Nerves don’t hinder power of author’s story

As Jess Row read the last line of his short story, “A World in Flames,” the audience remained silent, quite literally speechless. Row quietly thanked the audience, who had been raptly attentive throughout the entire reading.

“I enjoy (readings) and they’re a little nerve wracking,” Row said at his reading on Nov. 9. Despite this admission, his reading left an impression on the audience.

“His voice was soothing,” Lisa Kozempel, senior English major, said.

Joe Walsh, senior English major, called the reading “an intimate gathering.”

Row, who was invited to the College as part of the ‘ink’ Visiting Writers Series (VWS), chose to only read the one story.

The story’s plot began simply, detailing a young woman’s unusual visit to Thailand. Gradually, it delved into serious issues such as religion, war and poverty.

“It’s fun to read,” Row said. “It’s dramatic. (The story has) a cliffhanger ending.”

The audience seemed to agree. While Row read, the audience was silent and, during the reception afterward, many students and professors stayed to talk with Row and buy copies of his book, “The Train to Lo Wu.”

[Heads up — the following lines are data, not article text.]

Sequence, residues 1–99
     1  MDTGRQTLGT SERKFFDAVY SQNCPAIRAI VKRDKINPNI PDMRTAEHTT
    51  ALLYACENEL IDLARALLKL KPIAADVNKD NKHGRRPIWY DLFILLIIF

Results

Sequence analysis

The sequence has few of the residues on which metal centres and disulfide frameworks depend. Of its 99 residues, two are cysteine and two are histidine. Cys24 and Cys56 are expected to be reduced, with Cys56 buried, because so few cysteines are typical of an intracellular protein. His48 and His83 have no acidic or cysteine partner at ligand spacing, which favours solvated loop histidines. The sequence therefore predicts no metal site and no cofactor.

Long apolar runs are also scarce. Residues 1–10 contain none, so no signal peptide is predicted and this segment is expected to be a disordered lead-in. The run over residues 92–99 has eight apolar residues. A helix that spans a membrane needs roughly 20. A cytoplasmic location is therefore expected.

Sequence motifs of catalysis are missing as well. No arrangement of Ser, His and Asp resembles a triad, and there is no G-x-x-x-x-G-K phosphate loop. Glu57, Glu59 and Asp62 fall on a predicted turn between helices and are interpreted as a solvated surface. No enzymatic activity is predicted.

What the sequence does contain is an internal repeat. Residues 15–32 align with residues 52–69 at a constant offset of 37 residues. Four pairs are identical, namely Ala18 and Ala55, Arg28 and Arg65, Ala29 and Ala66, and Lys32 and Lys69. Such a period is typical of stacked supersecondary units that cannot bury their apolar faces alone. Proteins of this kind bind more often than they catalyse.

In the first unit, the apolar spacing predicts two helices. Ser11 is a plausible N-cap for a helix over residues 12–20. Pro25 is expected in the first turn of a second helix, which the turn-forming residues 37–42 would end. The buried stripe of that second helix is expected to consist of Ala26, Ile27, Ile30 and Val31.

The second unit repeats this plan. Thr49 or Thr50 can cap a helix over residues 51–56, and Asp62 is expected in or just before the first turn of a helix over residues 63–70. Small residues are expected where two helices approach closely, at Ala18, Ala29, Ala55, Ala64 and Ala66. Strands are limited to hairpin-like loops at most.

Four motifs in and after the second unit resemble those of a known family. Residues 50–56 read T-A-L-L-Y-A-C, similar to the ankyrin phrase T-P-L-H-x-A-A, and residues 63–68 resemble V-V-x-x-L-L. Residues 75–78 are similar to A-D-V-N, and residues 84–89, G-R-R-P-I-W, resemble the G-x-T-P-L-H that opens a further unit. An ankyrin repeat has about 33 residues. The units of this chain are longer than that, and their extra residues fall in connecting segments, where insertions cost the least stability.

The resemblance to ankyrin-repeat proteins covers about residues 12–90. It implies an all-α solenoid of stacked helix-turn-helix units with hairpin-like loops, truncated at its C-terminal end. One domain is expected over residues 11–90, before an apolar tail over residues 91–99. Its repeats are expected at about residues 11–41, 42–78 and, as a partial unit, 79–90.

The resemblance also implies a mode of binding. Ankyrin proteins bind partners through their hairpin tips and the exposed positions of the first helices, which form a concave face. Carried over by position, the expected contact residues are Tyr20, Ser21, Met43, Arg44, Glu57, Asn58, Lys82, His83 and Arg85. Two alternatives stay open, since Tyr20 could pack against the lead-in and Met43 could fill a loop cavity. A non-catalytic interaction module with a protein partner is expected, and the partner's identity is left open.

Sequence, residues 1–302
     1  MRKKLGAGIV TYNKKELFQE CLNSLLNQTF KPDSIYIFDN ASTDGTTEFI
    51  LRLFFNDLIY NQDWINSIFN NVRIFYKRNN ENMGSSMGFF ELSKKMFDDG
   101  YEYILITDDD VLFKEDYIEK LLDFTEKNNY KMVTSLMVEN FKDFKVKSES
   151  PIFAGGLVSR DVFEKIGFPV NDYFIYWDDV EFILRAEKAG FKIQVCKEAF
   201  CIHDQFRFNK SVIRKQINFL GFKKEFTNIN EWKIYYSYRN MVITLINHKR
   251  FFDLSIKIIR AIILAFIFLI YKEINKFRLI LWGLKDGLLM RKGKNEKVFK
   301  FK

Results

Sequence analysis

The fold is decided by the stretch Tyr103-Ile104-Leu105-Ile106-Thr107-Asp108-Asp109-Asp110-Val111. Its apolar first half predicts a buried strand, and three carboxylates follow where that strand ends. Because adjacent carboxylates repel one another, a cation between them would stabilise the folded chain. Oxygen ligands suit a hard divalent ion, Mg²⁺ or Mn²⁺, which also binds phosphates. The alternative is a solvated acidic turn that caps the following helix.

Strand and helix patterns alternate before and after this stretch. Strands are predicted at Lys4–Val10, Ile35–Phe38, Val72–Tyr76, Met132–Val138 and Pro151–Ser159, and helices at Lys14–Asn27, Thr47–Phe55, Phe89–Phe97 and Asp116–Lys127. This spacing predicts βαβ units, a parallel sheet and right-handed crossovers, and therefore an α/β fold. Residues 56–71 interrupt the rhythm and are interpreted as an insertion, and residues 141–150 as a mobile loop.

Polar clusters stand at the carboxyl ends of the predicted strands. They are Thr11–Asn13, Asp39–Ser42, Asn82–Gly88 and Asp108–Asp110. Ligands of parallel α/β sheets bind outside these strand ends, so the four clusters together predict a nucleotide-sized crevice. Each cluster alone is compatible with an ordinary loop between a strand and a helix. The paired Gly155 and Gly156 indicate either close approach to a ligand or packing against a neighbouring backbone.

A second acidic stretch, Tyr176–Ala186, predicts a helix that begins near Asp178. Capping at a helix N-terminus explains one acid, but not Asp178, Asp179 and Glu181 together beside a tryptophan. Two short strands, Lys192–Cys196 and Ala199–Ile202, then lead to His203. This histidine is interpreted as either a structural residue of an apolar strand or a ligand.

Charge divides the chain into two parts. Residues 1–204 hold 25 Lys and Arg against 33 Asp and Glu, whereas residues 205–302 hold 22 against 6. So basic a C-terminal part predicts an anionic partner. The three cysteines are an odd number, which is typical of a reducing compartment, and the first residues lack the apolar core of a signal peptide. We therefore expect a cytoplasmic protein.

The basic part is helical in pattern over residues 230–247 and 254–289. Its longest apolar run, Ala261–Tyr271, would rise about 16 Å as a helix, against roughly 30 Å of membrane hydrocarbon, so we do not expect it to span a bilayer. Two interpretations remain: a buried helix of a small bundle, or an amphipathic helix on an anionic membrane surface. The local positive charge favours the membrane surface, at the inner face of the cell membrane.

“(Row) goes really deep into the characters,” Melissa Kvidahl, junior English major, who helped organize the reading, said.

Kvidahl said that Row’s writing tends to focus on characters and the ways they deal with loneliness.

Maggie Murphy, a senior English major who worked on publicity for the event, considered the reading a success. She called Row’s book “an interesting read.”

Row was emphatic in praising the College and the students who had organized the reading. He said that he was “struck by how closely connected the students are. I was impressed by the whole community.”

“(Row) is different from other authors (who have come to the College),” Bethany Allinder, senior English major and ‘ink’ vice-president, said after the reading.

She was referring to the sharp contrast between Row and author Jonathan Ames, who had visited the College as part of VWS only a few weeks before.

“(Ames) was a performer,” Tim Hinton, junior English major who helped organize the event, said. “(Row) is a writer.”

Melanie Weiss, junior English major, who helped run the event, admitted that Row was a bit less appealing to a general audience than Ames had been, but said, “Our job is not to bring in the most marketable writers. Our job is to showcase those who are making an impact in the literary world and to introduce our campus to new styles and perspectives.”

Row has been featured in numerous publications including The Best Short Stories of 2001, The Best Short Stories of 2003, The Kyoto Journal, The Harvard Review and Slate Magazine.

Aside from being an author, Row is also a professor of English and creative writing at Montclair State University, as well as a dharma teacher.

The next installment of VWS will take place Dec. 7. It will feature Robyn Art, author of “Degrees of Being There” and “No Longer a Blonde.”